AJAs 2017 Finalists


Slug/Label Transgender athletes
Date Aired or Published July 11, 2017
Media outlet where first aired or published: CBC New Brunswick
Name of Program:
If co-produced, list partner:
Location: Fredericton
List awards, grants:
Running time (TV/Radio):

Short explanation of the story and how it developed:

Dear Atlantic Journalism Awards, I would like to submit my story, "Transgender athletes thwarted in pursuit of university sports" (http://www.cbc.ca/1.4185714) in the Sports category for this year's Atlantic Journalism Awards. While it is a sports story, this piece took our audience far beyond the locker room or the final score of any game. I’d like to take you through how this story developed. The day I met Alex Hahn he told me how he used to be Megan. But now, after years of lying to himself, he was finally transitioning into a man. He had to give up many things: His name, his long shiny hair, his clothes. But he never thought he’d have to give up soccer too. And that, he said, was “killing” him. Two months later I was at CBC telling my producer about Alex. When I called him he told me he was taking time off university to concentrate on his mental health, but after I told him how important this story was, he agreed to have me interview him. After researching I found out transgender athletes were very uncommon. And those willing to talk about it with a reporter? Those were even more difficult to find. I spoke to a St. Francis Xavier human kinetics professor, an expert in the topic, who confirmed it had been incredibly difficult for her to find transgender athletes in Canada to research. None of those she had contacted lived in New Brunswick and even if they had, she could not give me names. After a painstaking search, Alex told me about a photo he saw in a Instagram transgender support group. It was the photo of Jacob Roy, another transgender person who also had to give up sports. That same day I messaged him and set up an interview. After my interview with Jacob I realized this was an issue that went past New Brunswick’s borders. I had the athletes and a professional who could verify this. But the next step was to get U Sports, the national governing body of university sport in Canada, to answer questions. And that, I must say, was the hardest part of it all. It took me more than 15 days of calling their offices, emailing their communications officers to land an interview. It was summer, people were out of their offices, but it was also a topic many had been used to ignore. Never before were they held accountable for these athletes. How could they? Most of these athletes had never before spoken up. As a three-month summer intern, I was expected to pitch and write stories while working on this long-term project that had already taken three weeks. In between pushing for the U Sports interview and reading their policies, I was calling Alex’s old coach and looking for teammates I could interview. Even though most had gone back to their hometowns for the summer, I was able to interview the team’s co-captain. Once the story was finally done, I had to work on the television piece and a script for CBC’s Fredericton, Moncton and Saint John radio current affairs. This is a story about athletics. But more than that, it’s a story about two men who were forced to give up the one thing that was there for them no matter their gender. It’s a story about Alex and Jacob being brave enough to give this international issue a face. And even though they did so with sweating palms and tight throats, they could stand up for the many others who are still crying with the lights off in the locker room.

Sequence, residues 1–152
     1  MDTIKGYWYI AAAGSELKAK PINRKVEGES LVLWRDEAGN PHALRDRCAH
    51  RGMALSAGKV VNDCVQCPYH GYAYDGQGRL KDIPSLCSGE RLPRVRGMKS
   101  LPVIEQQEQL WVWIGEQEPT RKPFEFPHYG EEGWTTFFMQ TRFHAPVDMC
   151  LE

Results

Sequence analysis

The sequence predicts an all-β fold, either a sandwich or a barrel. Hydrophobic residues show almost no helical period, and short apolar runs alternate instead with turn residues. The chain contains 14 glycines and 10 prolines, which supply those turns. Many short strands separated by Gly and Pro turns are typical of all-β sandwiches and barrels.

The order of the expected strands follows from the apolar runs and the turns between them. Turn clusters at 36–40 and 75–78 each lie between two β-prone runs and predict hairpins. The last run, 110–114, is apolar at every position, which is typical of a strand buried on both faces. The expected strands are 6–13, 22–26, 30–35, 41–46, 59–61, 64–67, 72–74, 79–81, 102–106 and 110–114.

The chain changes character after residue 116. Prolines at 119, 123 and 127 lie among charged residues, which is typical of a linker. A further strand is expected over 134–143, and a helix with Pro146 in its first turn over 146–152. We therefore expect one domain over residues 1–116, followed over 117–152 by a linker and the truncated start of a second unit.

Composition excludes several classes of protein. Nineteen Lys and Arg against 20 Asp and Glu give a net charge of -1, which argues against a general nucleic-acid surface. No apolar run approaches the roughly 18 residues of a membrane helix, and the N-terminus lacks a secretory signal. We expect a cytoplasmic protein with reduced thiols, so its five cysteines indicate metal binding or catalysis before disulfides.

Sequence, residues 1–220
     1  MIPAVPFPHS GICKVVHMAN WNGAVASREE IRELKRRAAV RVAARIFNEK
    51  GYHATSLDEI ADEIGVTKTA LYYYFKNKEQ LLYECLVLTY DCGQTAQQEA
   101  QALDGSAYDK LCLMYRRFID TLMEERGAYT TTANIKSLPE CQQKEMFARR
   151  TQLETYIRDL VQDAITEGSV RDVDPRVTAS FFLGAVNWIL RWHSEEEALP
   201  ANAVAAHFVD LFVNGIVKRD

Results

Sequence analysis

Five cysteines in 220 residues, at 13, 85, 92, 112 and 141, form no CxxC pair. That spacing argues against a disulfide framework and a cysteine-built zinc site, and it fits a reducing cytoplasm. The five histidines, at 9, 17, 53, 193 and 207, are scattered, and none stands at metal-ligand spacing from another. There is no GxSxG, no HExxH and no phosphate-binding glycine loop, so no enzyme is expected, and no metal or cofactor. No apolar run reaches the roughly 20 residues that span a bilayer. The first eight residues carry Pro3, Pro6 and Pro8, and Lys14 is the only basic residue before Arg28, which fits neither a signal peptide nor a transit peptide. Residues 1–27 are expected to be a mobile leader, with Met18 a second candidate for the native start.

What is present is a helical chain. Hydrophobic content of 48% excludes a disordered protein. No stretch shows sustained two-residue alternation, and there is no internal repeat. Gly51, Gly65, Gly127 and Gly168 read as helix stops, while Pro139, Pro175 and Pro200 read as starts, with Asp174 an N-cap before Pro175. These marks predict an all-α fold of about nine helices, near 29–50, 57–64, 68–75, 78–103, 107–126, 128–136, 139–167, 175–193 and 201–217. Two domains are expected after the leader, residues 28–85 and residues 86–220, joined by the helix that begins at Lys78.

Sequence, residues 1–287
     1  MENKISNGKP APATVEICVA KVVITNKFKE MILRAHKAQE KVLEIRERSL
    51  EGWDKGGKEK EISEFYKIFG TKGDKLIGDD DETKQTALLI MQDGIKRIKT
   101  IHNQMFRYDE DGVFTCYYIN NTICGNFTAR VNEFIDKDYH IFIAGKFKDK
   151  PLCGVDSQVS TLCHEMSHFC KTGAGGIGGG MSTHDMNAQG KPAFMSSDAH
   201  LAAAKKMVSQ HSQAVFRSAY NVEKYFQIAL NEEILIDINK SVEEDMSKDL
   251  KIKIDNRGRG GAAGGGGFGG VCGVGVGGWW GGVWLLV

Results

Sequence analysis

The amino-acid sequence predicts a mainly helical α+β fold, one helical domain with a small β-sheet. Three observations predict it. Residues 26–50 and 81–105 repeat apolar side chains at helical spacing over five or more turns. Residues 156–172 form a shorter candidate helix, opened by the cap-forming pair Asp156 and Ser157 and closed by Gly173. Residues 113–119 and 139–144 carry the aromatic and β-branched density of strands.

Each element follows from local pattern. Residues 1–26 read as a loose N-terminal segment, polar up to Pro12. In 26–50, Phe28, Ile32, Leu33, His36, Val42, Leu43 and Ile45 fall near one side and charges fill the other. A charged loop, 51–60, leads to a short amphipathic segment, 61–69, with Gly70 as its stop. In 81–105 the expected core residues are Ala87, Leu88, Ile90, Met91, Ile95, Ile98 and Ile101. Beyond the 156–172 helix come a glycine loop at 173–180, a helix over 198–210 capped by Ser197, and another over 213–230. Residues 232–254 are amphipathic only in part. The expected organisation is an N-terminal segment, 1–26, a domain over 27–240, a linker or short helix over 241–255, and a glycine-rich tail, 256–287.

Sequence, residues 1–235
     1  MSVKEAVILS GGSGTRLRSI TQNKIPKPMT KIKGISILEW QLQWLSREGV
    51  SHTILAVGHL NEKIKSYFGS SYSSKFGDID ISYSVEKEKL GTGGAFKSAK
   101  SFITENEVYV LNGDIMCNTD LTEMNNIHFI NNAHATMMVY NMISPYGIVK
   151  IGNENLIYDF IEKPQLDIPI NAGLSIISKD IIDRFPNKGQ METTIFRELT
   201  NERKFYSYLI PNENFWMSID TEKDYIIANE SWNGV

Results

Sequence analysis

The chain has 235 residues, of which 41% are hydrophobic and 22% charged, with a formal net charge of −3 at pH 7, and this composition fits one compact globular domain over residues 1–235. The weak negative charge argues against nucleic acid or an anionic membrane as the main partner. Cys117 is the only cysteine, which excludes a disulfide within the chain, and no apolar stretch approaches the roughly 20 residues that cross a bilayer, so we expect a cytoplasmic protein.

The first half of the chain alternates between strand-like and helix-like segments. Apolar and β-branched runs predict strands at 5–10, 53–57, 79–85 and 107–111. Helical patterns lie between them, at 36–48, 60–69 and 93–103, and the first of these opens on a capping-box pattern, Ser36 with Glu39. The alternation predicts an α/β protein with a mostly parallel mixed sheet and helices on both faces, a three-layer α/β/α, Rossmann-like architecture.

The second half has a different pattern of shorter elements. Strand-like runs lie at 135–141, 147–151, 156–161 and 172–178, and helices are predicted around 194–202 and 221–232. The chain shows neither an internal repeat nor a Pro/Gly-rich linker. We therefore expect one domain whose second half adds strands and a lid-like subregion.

Resources of the newsroom (money and time) available to complete the story:

I was allowed to work on this story as a side project for a few weeks. It took me almost one month to complete, from the moment I came up with the idea to the moment the story was published.

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